From 1 June 2019, the only payments that landlords or letting agents can charge to tenants in relation to new contracts are:

  • rent

  • a refundable tenancy deposit capped at no more than 5 weeks’ rent where the total annual rent is less than £50,000, or 6 weeks’ rent where the total annual rent is £50,000 or above

  • a refundable holding deposit (to reserve a property) capped at no more than 1 week’s rent

  • payments associated with early termination of the tenancy, when requested by the tenant

  • payments capped at £50 (or reasonably incurred costs, if higher) for the variation, assignment or novation of a tenancy

  • payments in respect of utilities, communication services, TV licence and Council Tax

  • a default fee for late payment of rent and replacement of a lost key/security device giving access to the housing, where required under a tenancy agreement

Minimum Energy Efficiency Standards and EPCs

An Energy Performance Certificate – or EPC – is a four-page document which sets out the energy efficiency of a property on a traffic light system of A to G – A being the most efficient.

An EPC provides an indication of how much it will cost to heat and power a property. It also includes recommendations of energy-efficient improvements, the cost of carrying them out, and the potential savings in pounds and pence that each one could generate.

After a consultation in December 2020, the government have announced changes to the Minimum Energy Efficiency Standards for England and Wales.

The government have proposed that all rental properties will need an EPC rating of ‘C’ or above by 2025. Similar to the previous changes, the new regulations will be introduced for new tenancies first, followed by all tenancies from 2028.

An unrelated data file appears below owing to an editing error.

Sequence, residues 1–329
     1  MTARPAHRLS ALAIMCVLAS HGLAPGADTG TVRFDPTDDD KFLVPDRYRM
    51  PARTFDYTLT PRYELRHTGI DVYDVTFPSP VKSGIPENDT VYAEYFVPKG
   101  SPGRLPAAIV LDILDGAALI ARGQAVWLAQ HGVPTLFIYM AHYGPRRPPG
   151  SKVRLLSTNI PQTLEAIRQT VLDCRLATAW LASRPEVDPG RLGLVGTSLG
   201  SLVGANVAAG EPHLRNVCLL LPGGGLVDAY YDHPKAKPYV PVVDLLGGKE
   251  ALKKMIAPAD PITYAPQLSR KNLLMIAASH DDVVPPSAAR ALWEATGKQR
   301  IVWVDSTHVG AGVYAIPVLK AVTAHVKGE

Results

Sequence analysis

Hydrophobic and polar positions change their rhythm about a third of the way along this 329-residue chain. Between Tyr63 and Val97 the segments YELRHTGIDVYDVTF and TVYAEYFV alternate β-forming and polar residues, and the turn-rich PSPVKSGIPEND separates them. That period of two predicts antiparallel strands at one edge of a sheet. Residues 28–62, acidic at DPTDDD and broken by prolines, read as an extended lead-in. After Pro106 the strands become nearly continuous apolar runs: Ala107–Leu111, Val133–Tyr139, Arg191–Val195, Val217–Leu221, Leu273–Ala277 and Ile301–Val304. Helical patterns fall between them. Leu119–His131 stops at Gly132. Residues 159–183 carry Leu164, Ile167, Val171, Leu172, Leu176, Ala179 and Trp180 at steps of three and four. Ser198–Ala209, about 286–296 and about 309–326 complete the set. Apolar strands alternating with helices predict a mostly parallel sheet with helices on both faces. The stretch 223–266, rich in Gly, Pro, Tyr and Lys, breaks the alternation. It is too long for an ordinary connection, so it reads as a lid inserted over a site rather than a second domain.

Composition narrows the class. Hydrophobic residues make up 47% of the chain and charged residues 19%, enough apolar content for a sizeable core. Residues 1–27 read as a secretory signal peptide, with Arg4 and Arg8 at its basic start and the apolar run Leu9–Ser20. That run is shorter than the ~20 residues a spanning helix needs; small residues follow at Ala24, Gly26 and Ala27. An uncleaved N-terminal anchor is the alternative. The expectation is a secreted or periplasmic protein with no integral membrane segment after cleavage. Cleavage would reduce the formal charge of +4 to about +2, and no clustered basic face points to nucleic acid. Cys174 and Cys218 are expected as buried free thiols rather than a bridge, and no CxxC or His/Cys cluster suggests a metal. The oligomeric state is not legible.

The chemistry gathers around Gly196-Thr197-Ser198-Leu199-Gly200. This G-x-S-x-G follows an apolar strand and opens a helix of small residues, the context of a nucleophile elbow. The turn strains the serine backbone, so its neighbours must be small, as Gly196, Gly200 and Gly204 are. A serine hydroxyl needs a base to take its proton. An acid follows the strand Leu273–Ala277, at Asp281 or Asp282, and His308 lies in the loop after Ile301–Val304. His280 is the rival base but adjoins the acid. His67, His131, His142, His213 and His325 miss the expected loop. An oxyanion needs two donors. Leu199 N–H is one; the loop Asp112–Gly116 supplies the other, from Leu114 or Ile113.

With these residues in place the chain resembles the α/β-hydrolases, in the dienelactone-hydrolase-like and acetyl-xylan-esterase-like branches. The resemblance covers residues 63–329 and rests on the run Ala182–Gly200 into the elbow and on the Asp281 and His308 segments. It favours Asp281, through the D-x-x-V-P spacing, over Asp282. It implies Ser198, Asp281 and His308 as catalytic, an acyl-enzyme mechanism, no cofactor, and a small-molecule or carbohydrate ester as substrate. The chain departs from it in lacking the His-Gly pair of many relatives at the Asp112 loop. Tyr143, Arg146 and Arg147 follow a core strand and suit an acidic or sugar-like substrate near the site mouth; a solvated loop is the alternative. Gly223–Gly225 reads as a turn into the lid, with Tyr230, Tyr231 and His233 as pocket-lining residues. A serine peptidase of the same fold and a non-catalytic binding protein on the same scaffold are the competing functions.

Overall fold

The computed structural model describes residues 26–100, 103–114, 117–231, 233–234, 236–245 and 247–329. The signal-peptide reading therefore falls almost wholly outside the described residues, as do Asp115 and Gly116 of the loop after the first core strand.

The regulation changes hope to make homes more energy-efficient and reduce carbon emissions as part of the government target to be net-zero by 2050. 

The penalty for not having a valid EPC will also be raised from £5,000 to £30,000 from 2025.

Electrical Safety Inspections 

The Electrical Safety Standards in the Private Rented Sector (England) Regulations 2020 came into force on 1 June 2020 and apply to all tenancies created on or after that date in England from 1 July 2020.

These new regulations require landlords to have the electrical installations in their properties inspected at least every 5 years and tested by a person who is qualified and competent. Landlords will also have to provide a copy of the electrical safety report to their tenants as well as to the local authority if requested.

Local authorities will be responsible for enforcing the new regulations and can impose a financial penalty of up to £30,000 if they find a landlord is in breach of their duty.

Local authorities have the power to serve remedial notices on the private landlord. If the remedial notice is ignored and action is not taken with 28 days, the local authority can arrange remedial work to be carried out, with consent from the tenant, and recover the costs from the landlord.